Urogynecology expert witness says manufacturer failed to disclose problems with transvaginal mesh

Kristin Casler

Written by
— Updated on April 10, 2018

uterus Expert witnesses with specializations in urogynecology and biomaterials advise on a case involving female plaintiffs who underwent pelvic repair with mesh implants to relieve various urinary problems. They allege that the mesh, manufactured and marketed by the defendants, is defective and caused them debilitating pain and damage, requiring additional surgeries and ongoing treatment.

The plaintiffs assert that pelvic mesh products contain monofilament polypropylene mesh that, despite the defendants’ claims, is not inert. Scientific evidence shows that this material as implanted is biologically incompatible with human tissue and promotes a negative immune response in a large subset of the population that has been implanted with it. This negative response promotes inflammation of the pelvic tissue and can contribute to the formation of severe adverse reactions to the mesh. When mesh is inserted in the female body according to the manufacturers’ instructions, it creates a non-anatomic condition in the pelvis leading to chronic pain and functional disabilities, they assert.

The plaintiffs hired a urogynecology expert witness and contend that the defendants omitted the risks, dangers, defects, and disadvantages of their products and marketed them as safe medical devices when they knew or should have known that they were not and could cause catastrophic injuries. These products have high rates of failure and injury and complications, they assert.

Question(s) For Expert Witness

  • 1. Is the mesh suitable for permanent implantation?
  • 2. Did the defendant reveal the mesh’s inadequacies to doctors or the patients?

Expert Witness Response

The urogynecology expert witness is an assistant professor of obstetrics at a university medical center who has performed more than 1,000 pelvic floor surgical procedures, including abdominal sacrocolpopexy, uterosacral suspensions, sacrospinous ligament fixations, native tissue repairs, biological graft repairs and synthetic mesh repairs. He has used numerous synthetic pelvic mesh products, including defendant’s products, and has performed over 200 surgeries dealing with complications related to synthetic mesh, including the removal of numerous devices.

In formulating my opinions and preparing this report, I reviewed scientific literature, corporate documents from the defendant, sample products and depositions of defendant’s employees.

In general, my expert opinions can be summarized as follows:

• Defendant’s mesh is not suitable for its intended application as a permanent prosthetic implant for stress urinary incontinence because it degrades over time, causes chronic foreign body reactions, fibrotic bridging, mesh contracture/shrinkage, fraying, particle loss, roping and curling of the mesh, and loss of pore size with tension; defendant’s disclosures of adverse reactions and mesh complications in its instructions for use (IFU) were inadequate based on the adverse reactions/risks and mesh complications known to defendant from the time the mesh was first sold and marketed until present day;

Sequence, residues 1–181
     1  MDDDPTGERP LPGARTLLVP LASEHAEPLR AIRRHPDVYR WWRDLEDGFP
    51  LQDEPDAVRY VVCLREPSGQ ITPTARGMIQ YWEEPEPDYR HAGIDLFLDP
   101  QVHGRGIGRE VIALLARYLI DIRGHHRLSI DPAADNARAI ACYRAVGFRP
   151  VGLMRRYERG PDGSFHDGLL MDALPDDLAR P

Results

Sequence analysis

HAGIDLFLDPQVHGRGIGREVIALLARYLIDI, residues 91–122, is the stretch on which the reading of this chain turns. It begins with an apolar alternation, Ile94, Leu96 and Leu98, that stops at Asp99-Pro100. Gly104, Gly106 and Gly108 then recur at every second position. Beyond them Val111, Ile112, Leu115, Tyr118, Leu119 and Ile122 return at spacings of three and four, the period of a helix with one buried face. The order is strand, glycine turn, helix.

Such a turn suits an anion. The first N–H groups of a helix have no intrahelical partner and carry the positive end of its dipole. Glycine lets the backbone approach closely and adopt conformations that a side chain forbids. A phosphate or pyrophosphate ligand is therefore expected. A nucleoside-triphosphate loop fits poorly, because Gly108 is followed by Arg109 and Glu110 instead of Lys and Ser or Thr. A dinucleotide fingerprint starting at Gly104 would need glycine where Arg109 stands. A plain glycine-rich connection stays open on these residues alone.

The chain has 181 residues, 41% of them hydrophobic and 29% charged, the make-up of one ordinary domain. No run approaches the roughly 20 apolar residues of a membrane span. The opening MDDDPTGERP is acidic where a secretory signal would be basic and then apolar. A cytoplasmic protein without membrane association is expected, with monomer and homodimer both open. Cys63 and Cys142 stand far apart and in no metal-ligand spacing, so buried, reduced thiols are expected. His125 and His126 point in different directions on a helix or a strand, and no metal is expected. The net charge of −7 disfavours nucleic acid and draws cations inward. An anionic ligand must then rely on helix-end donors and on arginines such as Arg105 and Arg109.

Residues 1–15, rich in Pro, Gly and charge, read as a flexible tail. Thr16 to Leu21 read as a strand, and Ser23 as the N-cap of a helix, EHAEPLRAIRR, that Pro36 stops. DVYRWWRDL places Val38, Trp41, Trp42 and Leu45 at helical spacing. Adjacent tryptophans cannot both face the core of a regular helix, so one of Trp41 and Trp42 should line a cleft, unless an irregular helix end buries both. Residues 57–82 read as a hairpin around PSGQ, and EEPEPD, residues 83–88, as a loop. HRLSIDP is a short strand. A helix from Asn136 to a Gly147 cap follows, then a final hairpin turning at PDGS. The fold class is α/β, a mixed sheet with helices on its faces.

• Defendant did not disclose information to physicians in its IFUs regarding characteristics of the polypropylene in its mesh that make it unsuitable for its intended application as a permanent prosthetic implant for stress urinary incontinence, including that it degrades over time, causes chronic foreign body reactions, fibrotic bridging, mesh contracture/shrinkage, fraying, particle loss, roping and curling of the mesh., and loss of pore size with tension;
• Defendant failed to adequately describe, inform or explain to physicians how to properly “tension” the mesh and inform them that improper tension on the mesh decreased effective pore size and interfered with incorporation into tissue;
• Defendant did not inform physicians and their patients that Manufacturer Safety Data Sheets (MSDSs) for polypropylene resin used to manufacturer polypropylene meshes warned against use of the mesh in a permanently implanted medical device and that studies showed that it caused sarcomas in laboratory rats;
• Defendant did not properly inform physicians and their patients that toxicity testing of the polypropylene mesh revealed that it was cytotoxic;;
• Defendant’s promotional materials sent to physicians related to its mesh were inaccurate and failed to reveal material facts about complications and conflict of interests regarding data promoted in the materials;
• Defendant’s patient brochures misstate information regarding complications and success rates and overstate the benefits of the mesh and understate the risks.

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